The Romantic Piano Concerto, Vol. 54 = FREDERIC HYMEN COWEN: Concertstück; ARTHUR SOMERVELL: Normandy; Piano Concerto in A Minor, “Highland” – Martin Roscoe, piano/ BBC Scottish Sym. Orch./ Martyn Brabbins – Hyperion CDA67837 [Distr. by Harmonia mundi], 68:06 ****:
For Volume 54 of the Romantic Piano Concerto series, Hyperion returns to the mother country as it often has in the past. Not all these trips have been necessary, I feel, but then again, that’s true as well of some of the volumes featuring better known composers from the continent, and there are few music lovers who don’t feel indebted to Hyperion for this series. The current volume contains music that is unusually well written and tuneful and so is a pretty safe recommendation for those who cotton to late-Romantic concerted works.
For some reason, it took me a little longer to warm to Cowen’s Concertstück of 1897 than to the Somervell pieces despite the fact that Cowen is, or was, the more respected composer. Apparently, around the turn of the twentieth century he was as widely played and listened to as Stanford or Parry though he hasn’t been rediscovered by later performers and listeners as they have. The Concertstück, composed for Paderewski at the height of his fame, is splashy and echt-Romantic, with some Lisztian pretentions, including the use of the triangle à la Liszt’s First Concerto. Actually, however, the piece reminds me more of another Liszt disciple, Edward McDowell. The fiery coda alone bids fair to bring down the house, but like other short concerted works, the Concertstück probably won’t be heard in concert anytime soon, if ever.
Speaking of Stanford and Parry, Arthur Somervell studied with both those worthies, and the piano writing in his Normandy does remind me a little of Stanford’s Second Concerto; it’s light and crystalline, maybe in the manner of Saint-Saëns. Normandy is a set of variations on a theme from the French seaside village of Varengeville-sur-Mer. Like Franck’s Symphonic Variations, it has a symphonic superstructure, including sections that correspond to a symphonic slow movement and scherzo, as well as fast outer “movements.” The tune is an attractive one and allows for some equally attractive embroidery by the composer.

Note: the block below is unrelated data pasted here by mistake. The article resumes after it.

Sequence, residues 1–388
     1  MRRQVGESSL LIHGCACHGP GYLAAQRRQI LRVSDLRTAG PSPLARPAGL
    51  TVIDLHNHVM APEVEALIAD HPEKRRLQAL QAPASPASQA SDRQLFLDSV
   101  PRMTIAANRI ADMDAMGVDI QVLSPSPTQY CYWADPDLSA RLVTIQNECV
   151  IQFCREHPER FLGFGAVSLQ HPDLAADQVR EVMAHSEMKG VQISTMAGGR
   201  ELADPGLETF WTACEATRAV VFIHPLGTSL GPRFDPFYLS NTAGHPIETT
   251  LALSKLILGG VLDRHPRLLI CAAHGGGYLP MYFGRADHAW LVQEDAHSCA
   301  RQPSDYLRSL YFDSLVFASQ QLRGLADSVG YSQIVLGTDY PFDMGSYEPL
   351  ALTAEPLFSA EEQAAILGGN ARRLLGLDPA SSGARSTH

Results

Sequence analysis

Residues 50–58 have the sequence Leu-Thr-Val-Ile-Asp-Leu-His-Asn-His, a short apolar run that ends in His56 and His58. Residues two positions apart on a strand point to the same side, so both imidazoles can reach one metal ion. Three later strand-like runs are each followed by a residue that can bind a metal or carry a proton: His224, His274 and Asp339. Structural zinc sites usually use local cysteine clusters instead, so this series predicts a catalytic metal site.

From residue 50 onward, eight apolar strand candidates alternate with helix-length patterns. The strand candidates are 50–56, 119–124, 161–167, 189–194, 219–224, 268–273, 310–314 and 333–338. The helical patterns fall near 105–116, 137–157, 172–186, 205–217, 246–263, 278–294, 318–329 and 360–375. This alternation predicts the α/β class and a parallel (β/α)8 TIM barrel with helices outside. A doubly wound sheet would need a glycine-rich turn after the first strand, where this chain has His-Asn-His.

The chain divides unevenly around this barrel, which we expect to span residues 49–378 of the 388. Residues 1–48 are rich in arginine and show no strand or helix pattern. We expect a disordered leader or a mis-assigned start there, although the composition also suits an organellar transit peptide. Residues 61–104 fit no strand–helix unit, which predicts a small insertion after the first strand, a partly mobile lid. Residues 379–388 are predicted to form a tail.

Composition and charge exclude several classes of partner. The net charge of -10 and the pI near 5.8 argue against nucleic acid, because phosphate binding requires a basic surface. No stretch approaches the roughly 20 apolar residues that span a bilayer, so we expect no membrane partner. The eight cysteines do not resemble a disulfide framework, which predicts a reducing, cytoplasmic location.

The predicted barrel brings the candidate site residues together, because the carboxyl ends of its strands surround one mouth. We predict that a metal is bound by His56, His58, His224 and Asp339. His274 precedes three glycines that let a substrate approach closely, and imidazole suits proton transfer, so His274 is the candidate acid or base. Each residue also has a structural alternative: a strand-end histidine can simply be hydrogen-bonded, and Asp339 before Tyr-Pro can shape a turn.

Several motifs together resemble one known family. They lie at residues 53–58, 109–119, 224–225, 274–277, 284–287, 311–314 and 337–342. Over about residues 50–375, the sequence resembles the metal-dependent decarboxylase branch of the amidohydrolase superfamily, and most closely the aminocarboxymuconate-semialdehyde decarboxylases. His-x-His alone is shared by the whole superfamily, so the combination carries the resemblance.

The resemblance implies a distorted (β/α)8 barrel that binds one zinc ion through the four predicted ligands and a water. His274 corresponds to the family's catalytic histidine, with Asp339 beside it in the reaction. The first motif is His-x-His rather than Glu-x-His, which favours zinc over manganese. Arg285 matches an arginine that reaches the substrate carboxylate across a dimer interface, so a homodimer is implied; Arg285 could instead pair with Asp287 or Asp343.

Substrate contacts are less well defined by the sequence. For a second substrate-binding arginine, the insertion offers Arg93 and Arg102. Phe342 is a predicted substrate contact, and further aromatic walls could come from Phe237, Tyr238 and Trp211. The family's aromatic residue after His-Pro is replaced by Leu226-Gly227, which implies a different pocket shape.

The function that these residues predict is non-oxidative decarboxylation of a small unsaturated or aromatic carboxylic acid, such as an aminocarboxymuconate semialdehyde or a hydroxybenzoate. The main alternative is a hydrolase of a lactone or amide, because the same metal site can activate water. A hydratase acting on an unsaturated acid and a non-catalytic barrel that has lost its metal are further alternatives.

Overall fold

Tunefulness figures prominently as well in Somervell’s “Highland” Concerto, though here the melodies are clever imitations rather than authentic Scottish songs or dances. Somervell’s first theme has an obvious Scotch snap to it that turns, at certain points, into a Scotch stomp. The piano writing seems a bit beefier here as befits the more bracing atmosphere of the Highlands, but the development section is full of pearly runs as well as hearty chords. Spirits are high throughout the two outer movements, while the slow movement is quietly bucolic, with gentle solos for English horn and violin. Again, don’t expect to hear this concerto in the concert hall anytime soon, though I wish some brave music director would schedule it rather than the thousandth performance of the Schumann or Grieg Concerto in any given concert season.
Martin Roscoe, veteran of the Romantic Piano Concerto series and one of Hyperion’s house pianists, is as always a fluent sympathetic player, bringing color and contour to the piano writing, as well as a touch of fire to the Cowen piece. Of course, the BBC Scottish Symphony Orchestra has Somervell’s number, and the orchestra plays with polish and bravura throughout for Martyn Brabbins. Hyperion’s sound, as usual, is a trifle distant but clear and clean. This is one of the more enjoyable entries in a series that has brought, and continues to bring, a good deal of musical pleasure.
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